What are effective strategies for negotiating contract terms with a client's legal team? was recently asked. I voted to close it as not about law but about business tactics. The asker pointed out that "dealing with legal professionals" is on-topic here. Should this question, and others like it, be considered on-topic?

This previous discussion seems relevant; Should questions asking about dealing with lawyers (but not about the law itself) be on-topic?

3 Answers 3


Should this question, and others like it, be considered on-topic?

The question is on-topic because it is about dealing with lawyers in their lawyers' capacity. At the outset that makes it likely to entail, or touch on, legal issues.

Characterizing the post as merely "about business tactics" is reductionist insofar as it misses legal aspects that may arise prior, during, and upon negotiations. For instance, were the OP to post his question elsewhere (i.e., a site specializing on business issues), contributors over there are likely unaware of items such as the work-product privilege and how it deters lawyers from being more communicative toward a counterparty such as the OP. Accordingly, this point might help the OP overcoming the frustration he understandably experiences every time lawyers, with no useful explanation, reject his proposed revisions.


Practical questions about getting what you want from a lawyer is off-topic. Questions about the legal obligations of attorneys to their clients or to adversaries are on topic. Indeed, I've faced problems where the attorney responded with a volley of irrelevant legal boilerplate, and as a practical solution I pointed out how the attorney's suggestions thwart the presumed intent (a presumption garnered from prior discussion not involving an attorney). Under the standard premise that Law SE is "about" what the law is, that particular question is not on topic. It is not against the law for a lawyer to offer advice based on what he perceives the clients interest to be, and it is not against the law for a lawyer to be wrong in that judgment (when the judgment is reasonable). The problem is that the expression "dealing with legal professionals" is itself unclear and not clearly justified. IMO, the wording of that bit of the help page needs to be discussed.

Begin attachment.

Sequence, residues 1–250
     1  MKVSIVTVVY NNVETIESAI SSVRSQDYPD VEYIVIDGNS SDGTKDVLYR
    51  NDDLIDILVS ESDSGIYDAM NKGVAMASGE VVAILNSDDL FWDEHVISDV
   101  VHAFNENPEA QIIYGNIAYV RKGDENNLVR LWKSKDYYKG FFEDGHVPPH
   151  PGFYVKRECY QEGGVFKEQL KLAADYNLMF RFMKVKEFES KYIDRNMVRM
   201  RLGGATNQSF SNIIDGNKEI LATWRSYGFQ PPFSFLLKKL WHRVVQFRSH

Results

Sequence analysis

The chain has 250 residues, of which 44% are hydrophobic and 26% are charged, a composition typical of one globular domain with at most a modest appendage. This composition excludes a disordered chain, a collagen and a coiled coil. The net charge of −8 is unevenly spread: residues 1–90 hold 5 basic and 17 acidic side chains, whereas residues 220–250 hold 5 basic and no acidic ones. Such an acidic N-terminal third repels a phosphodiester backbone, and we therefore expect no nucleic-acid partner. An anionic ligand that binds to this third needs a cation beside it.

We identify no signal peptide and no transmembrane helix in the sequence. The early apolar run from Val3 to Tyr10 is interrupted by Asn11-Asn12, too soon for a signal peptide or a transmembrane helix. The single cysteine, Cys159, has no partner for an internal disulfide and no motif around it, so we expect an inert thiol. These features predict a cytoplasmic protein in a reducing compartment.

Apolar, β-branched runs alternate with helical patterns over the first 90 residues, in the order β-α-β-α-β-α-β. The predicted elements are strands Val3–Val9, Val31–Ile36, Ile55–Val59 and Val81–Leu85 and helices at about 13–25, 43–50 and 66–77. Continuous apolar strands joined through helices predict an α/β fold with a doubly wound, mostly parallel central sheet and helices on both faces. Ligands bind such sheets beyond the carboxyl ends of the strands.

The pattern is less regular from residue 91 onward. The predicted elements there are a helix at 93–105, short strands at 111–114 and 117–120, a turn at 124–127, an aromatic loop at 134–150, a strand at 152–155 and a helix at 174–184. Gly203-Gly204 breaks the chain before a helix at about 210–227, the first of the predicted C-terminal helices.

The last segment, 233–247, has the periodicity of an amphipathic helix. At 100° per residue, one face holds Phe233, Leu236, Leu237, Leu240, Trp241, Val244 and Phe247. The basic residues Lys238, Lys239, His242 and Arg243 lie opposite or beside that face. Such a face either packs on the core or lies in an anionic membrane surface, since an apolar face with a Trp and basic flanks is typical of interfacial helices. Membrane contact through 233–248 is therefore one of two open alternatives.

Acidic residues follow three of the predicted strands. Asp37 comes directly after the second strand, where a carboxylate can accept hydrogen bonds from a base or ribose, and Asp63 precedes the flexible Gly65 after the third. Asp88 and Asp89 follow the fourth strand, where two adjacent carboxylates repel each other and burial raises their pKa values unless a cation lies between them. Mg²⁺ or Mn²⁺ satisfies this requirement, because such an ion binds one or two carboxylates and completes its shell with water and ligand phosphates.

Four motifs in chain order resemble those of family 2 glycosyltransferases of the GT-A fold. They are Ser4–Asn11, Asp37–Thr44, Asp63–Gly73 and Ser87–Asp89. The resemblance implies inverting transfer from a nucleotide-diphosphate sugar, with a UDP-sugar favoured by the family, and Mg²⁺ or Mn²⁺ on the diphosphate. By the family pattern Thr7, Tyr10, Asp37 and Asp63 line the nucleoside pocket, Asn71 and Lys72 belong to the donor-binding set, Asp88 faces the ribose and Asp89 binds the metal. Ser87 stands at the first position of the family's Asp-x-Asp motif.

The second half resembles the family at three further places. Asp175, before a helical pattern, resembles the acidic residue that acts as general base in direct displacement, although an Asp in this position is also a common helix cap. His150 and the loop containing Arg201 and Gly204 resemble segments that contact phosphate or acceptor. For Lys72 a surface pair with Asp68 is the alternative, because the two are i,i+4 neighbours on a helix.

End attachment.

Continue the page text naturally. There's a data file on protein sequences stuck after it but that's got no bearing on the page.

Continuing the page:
There is no bright line between what is a legal issue and what is a commercial or social issue - the law permeates commerce and society and a discussion of one necessitates considering the others.

An individual's training and background will give them a different toolkit when interacting with the law: lawyers think like lawyers, engineers think like engineers, doctors think like doctors etc. Questions about how that may influence the perception and understanding of legal risks and opportunities are on-topic for this site.

While the law is the law, understanding that the lawyer does not understand, say, the engineering risk may lead them to be very risk-averse to a low probability-low consequence risk and overlook a high probability-high consequence risk. The lawyer may see years of expensive and time-consuming litigation, the engineer may see a 5-minute fix, or vice-versa.

While negotiating a contract is a commercial venture, its also a legal one and questions about that are a fit for this site.

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